Innovation Project Compilation and Reflection

Virtual Field Trips in the CTE Classroom from Career Readiness on Vimeo.

From the beginning of the Digital Learning and Leading master’s degree program, the instructors stressed the importance of doing work that is relevant my situation and will benefit the populations I serve. That is precisely what I have tried to do with my innovation plan. In conceiving, planning and executing my plan, I was adamant that it have immediate and practical application for the Career and Technical Education teachers and students within my district. Briefly, my innovation plan seeks to address an ever-present obstacle in CTE: providing opportunities for students to experience the work environment they will encounter when they enter the workforce while avoiding the logistical and financial burdens that come with traditional field trips. To gain a better understanding of this plan, please view my Innovation Proposal here: Innovation Proposal

As with any worthwhile endeavor, thoughtful planning is crucial. As I planned this innovation project, I carefully considered my audience and my scope. I then set about identifying the steps I would follow to bring this project to fruition. You can read about my process from planning to implementation to evaluation here: Innovation Plan Outline

Once I was confident in my plan, I conducted extensive research via a Literature Review and Annotated Resource List. I needed to understand what the literature said about the technology that I would be using, and how it impacts learning. As not only a digital learner, but a digital leader as well, I must be able to recognize innovations that have the power to positively impact education. Successfully effecting change in the educational system requires a two-step process. First, I must stay current with the latest information and writings in the fields of education and technology. Only by being aware of the emerging innovations that have the potential to change education, can I be prepared to proactively embrace those innovations. Second, once I have recognized an educational transformation opportunity, I will use that innovation to enhance my organization and all the stakeholders in it.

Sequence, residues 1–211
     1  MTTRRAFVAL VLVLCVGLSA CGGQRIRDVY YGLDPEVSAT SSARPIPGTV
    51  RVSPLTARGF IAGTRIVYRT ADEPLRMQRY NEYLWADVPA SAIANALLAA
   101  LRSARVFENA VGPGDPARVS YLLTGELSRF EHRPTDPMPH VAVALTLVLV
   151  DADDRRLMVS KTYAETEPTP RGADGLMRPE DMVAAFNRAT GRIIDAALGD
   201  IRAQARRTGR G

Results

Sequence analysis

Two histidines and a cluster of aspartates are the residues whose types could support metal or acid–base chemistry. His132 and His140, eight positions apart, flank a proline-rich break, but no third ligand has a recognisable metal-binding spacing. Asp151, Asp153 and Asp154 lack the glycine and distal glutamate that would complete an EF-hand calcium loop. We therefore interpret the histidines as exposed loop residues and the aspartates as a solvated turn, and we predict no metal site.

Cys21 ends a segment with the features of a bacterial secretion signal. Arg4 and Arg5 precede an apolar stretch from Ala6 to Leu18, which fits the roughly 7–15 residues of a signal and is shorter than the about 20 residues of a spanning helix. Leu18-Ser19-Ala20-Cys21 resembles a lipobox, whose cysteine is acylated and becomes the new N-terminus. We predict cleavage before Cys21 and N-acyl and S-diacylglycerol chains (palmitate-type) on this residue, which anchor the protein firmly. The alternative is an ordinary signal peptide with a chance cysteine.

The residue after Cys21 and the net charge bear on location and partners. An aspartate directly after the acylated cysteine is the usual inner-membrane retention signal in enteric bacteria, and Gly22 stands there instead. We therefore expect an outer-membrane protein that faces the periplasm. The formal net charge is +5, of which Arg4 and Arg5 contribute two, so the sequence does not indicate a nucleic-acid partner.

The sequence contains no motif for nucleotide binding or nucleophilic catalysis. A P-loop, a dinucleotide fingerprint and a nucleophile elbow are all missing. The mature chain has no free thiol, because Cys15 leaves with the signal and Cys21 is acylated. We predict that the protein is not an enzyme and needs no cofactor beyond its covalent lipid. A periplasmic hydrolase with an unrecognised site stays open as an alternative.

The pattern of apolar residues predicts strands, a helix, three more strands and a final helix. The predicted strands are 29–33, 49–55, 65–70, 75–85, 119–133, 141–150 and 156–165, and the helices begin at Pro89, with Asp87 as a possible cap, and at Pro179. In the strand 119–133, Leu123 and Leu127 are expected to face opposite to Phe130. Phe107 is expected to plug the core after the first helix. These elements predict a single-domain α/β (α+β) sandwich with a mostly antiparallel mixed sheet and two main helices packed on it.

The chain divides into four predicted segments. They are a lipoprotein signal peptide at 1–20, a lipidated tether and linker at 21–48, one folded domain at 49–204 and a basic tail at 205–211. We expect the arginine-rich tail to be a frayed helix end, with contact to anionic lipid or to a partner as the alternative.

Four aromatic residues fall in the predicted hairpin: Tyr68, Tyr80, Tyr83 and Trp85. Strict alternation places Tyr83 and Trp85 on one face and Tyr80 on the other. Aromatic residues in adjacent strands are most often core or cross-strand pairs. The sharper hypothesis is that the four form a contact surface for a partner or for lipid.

A plan that is intended to impact an entire program within a district is of no use if one does not get colleagues and stakeholders to share in the vision. For this reason, the next step was to create a Call to Action to explain the purpose of the project and to reassure my audience that professional development would be administered in a purposeful way.

Reflecting on my innovation plan, I consider it a rather simple idea. It is a somewhat niche project that involves teaching district personnel and students to create a library of 360-degree photographs of work sites so that CTE students have a better understanding of a workplace environment they may experience in the field. I think due to the fact that it is such an obvious idea, I am denying the possibility that this innovation plan could in any way produce what Drew Dudley describes as a “lollipop moment.”

While not earth-shatteringly innovative, I do feel as though my proposal addresses a specific need within the CTE community of educators and students. I am comfortable with how the project walks the learner through each phase necessary to bring about a repository of CTE virtual tours—organization, execution, sharing, and reflecting.

So, while I’m happy with where my innovation plan stands on paper, I am still unconvinced of how crucial colleagues will consider it, or if it will be received as having much benefit. Were I starting this project over today, I would probably reach out more deliberately to my CTE colleagues for their input and recommendations to determine if is a worthwhile undertaking.

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